The Senior Service: the Girl In the Glass Case
released 17 June 2016
A whole album of instrumental imaginary vintage ‘Cult TV’/Film themes from Medway Punk veterans. Ged Babey salutes their genius.
Before I hit my teenage years, the early 70’s, I loved TV. It was my escape. The Persuaders, UFO, Space 1999, the Protectors, the Saint, Catweazle were among my favourites but the pinnacle of cool tele was Randall & Hopkirk (Deceased). Basically it followed the mis-adventures of two Private Eyes. The thing is, one of them was dead and a ghost. You could tell that cos he wore a white suit and could disappear and reappear at will. Only Jeff could see Marty and the ghost could consequently help the not-dead one out of some sticky situations. It was a brilliant concept that was a small-imaginative leap for a kid from invisible imaginary friend to ever-present ghost-best-friend and protector.
The reason this is relevant is that the theme tune to Randall & Hopkirk (deceased) remains one of my favourite pieces of music.
In isolation it is a simple and effective 90 second score, heavy on the harpsichord. The emotional attachment to the memory of the programme and the time, when it represented drama and escapism and the magic of beating death is everything though.
I’m still waiting for my deceased best mate to pop up in a black Beatles wig and white suit, and haven’t given up hope altogether.
The Theme from Gerry Andersons 1970-73 series, UFO too, is also one of the sexiest, most-groovy pieces of music ever. Set in the Future, 1980, when aliens were attacking earth and the women who manned Moonbase wore the coolest miniskirts and purple geometrically bobbed wigs (search on Youtube for Gabrielle Drake, yeah Nicks sister in UFO). Jesus, I couldn’t wait for 1980 -I’d be 16 and could join SHADO and get my hair like Ed Strakers. ( Well, achieved one of those…) I always lived in a fantasy world and the key to unlocking it was the tunes…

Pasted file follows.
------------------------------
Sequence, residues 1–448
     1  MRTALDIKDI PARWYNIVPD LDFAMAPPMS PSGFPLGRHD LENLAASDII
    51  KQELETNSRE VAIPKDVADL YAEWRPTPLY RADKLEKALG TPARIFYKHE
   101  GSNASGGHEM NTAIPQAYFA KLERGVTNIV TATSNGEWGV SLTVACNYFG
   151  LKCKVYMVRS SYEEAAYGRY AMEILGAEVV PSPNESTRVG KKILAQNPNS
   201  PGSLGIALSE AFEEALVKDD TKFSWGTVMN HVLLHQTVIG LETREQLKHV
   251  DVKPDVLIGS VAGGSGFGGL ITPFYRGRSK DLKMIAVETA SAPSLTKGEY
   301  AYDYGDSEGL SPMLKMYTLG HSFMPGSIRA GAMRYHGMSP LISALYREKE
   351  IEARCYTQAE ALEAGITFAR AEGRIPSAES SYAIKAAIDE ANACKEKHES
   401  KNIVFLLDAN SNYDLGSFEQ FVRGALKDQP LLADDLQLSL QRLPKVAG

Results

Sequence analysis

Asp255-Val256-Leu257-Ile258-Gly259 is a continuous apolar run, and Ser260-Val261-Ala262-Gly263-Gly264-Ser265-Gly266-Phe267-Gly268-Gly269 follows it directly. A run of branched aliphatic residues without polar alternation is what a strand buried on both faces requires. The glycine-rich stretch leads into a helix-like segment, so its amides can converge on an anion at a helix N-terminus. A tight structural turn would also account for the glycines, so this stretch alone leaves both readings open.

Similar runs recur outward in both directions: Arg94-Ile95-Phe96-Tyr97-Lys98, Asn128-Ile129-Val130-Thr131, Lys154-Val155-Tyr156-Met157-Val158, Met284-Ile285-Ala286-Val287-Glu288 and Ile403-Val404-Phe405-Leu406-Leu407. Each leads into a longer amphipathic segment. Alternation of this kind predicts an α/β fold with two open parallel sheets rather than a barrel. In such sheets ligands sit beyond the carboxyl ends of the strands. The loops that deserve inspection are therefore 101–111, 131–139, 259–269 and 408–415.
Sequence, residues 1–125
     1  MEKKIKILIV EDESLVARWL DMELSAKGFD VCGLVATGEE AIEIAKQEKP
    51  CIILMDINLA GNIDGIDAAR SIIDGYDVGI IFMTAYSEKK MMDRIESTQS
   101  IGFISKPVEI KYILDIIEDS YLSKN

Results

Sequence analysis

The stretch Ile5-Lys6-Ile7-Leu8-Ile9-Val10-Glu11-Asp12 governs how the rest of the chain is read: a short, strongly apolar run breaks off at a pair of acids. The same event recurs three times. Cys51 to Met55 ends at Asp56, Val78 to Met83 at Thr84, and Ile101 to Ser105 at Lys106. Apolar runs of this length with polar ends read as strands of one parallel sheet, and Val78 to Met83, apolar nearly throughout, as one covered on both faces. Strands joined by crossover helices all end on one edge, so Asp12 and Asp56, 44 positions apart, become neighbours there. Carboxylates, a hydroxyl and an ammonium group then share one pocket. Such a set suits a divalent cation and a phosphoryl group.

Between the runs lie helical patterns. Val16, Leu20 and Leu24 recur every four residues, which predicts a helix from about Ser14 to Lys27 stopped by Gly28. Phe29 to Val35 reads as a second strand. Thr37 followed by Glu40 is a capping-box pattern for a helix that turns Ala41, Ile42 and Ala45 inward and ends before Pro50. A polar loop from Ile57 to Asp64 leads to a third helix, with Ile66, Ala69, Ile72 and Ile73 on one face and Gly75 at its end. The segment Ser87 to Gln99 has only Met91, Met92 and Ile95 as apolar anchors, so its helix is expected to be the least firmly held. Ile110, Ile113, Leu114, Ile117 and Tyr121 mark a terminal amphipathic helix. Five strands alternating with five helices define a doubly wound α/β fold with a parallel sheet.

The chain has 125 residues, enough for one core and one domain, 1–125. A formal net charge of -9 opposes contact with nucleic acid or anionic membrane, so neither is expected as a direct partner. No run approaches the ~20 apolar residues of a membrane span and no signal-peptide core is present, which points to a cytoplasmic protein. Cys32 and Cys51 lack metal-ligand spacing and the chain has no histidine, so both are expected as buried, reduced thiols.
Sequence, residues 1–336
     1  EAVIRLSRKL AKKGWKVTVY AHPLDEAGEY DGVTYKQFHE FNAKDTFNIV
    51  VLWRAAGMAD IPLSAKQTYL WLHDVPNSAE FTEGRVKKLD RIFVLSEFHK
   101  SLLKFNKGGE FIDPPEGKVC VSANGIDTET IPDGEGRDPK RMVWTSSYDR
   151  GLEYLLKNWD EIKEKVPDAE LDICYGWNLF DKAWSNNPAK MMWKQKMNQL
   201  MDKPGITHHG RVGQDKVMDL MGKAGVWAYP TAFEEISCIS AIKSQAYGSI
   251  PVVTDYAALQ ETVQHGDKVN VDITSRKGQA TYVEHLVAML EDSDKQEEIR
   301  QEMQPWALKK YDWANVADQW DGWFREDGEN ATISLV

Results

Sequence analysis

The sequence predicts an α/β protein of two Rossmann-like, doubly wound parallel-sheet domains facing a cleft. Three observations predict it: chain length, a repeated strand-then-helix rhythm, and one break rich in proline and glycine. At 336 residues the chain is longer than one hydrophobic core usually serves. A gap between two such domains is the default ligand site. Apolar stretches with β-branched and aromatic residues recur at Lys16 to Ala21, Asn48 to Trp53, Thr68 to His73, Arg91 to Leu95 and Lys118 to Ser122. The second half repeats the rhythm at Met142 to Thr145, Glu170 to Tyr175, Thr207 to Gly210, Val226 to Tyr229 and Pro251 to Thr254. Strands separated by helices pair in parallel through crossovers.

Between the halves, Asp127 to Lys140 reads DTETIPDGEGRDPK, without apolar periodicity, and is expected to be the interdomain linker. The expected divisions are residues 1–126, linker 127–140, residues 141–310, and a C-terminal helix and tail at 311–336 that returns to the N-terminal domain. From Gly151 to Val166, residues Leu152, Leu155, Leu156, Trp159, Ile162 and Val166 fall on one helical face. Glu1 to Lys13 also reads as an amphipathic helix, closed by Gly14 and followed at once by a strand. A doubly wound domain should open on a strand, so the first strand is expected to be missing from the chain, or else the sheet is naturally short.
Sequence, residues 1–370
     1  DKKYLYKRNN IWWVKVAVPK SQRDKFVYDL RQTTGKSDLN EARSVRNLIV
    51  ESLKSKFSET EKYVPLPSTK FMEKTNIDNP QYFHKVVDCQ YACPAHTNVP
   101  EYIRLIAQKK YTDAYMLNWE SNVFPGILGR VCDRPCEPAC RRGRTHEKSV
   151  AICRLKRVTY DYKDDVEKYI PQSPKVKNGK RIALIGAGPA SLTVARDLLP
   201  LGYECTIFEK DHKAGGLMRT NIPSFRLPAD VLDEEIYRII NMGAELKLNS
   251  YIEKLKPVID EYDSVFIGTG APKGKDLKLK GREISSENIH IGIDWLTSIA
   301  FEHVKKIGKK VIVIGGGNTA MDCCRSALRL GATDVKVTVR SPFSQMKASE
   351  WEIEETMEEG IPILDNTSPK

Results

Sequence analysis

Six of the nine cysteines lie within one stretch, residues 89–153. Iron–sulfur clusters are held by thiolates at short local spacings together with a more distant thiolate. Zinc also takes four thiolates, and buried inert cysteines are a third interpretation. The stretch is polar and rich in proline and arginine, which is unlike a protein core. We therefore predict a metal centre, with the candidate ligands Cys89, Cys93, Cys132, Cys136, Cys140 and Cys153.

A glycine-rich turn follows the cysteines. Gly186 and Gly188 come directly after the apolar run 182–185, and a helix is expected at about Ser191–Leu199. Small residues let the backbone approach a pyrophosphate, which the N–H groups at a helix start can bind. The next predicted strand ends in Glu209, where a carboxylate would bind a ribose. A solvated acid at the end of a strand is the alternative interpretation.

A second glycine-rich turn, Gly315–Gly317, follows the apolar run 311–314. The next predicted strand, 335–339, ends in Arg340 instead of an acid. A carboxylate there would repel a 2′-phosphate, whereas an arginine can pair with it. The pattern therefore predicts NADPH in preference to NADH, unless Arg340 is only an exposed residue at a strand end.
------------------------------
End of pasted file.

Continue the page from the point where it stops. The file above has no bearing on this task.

Fast Forward to the Far-Future, 2016 and the Senior Service, the latest band to burst forth from the little clutch of towns known collectively as Medway, who are former members of The Prisoners, The Mighty Caesars, The James Taylor Quartet and the Buff Medways; Jon Barker – organ, Graham Day – guitar, Darryl Hartley – bass guitar and Wolf Howard – drums and percussion. Close friends who have always dug TV/film themes and instrumental music, and are influenced by John Barry, Barry Grey, Booker T and the MG’s, Ennio Morricone and The Small Faces among others.
“We got together to play instrumental covers because I happened to have bought a Hammond organ” says Jon, “but we dropped that idea before we played a note and quickly moved onto our own stuff.”
This of course, has been done before, and very well by The James Taylor Quartet in 1987, who followed up the Mission Impossible (covers album) with the Money Spyder (original instrumentals). Both were repackaged as The First Sixty Four Minutes in 1988, and if you ever see a copy don’t hesitate to buy it! I’m pleased to tell you that the Girl In the Glass Case is every bit as good, if not better.
As the press release rightly says “A thrilling musical journey tinged with the filmic hues of bygone celluloid classics. Here you’ll find it all; excitement, action, romance, intrigue! Each song tells its own story – no words are necessary. As with all great instrumental music, it weaves its web of magic through the light and shade created from the brush of keys, plucking of strings and beating of skins, with the occasional splash of colour provided by brass, vibes and theremin (naturally) – this exquisite combination alone conjures up its narrative.
It’s a collection of songs with an orchestral sensibility juxtaposed with an urgent garage rock crash bang wallop! ”
Every track is great, but number 4, Hit the Lip somehow stands an inch or two higher than the others being a sort of mixture between There’s a Ghost In My House and the Hawaii 5-O theme tune.
The sleeve notes to The Haunted Pad: British Instrumental Guitar Music of The Sixties Part One 1960-61 (which I bought recently) say; It’s unthinkable now, but in almost any given week in the early sixties it was not unusual for one-third of the singles in the UK Top 30 to be instrumentals. Which is remarkable, but when its of such a high quality as the Senior Service, it sounds like it would be a damn good idea to bring back those days.
Because the tunes don’t have the familiarity of cover versions it does take a few repeated listens to really get into this album, but once you do, it really is a joyful album, both as background and foreground music, as ‘soundtrack’ and as ‘rock’n’roll’.
Wisdom comes with age and the Senior Service are wise old dudes, providing the theme tunes to the movies in our heads which are inspired by the past, real, imagined, rose-tinted or sepia, Groove on maestros. And….Action!
Buy the album from here
And there’s still tickets for the London album launch on the 18th June at the Lexington
All words by Ged Babey.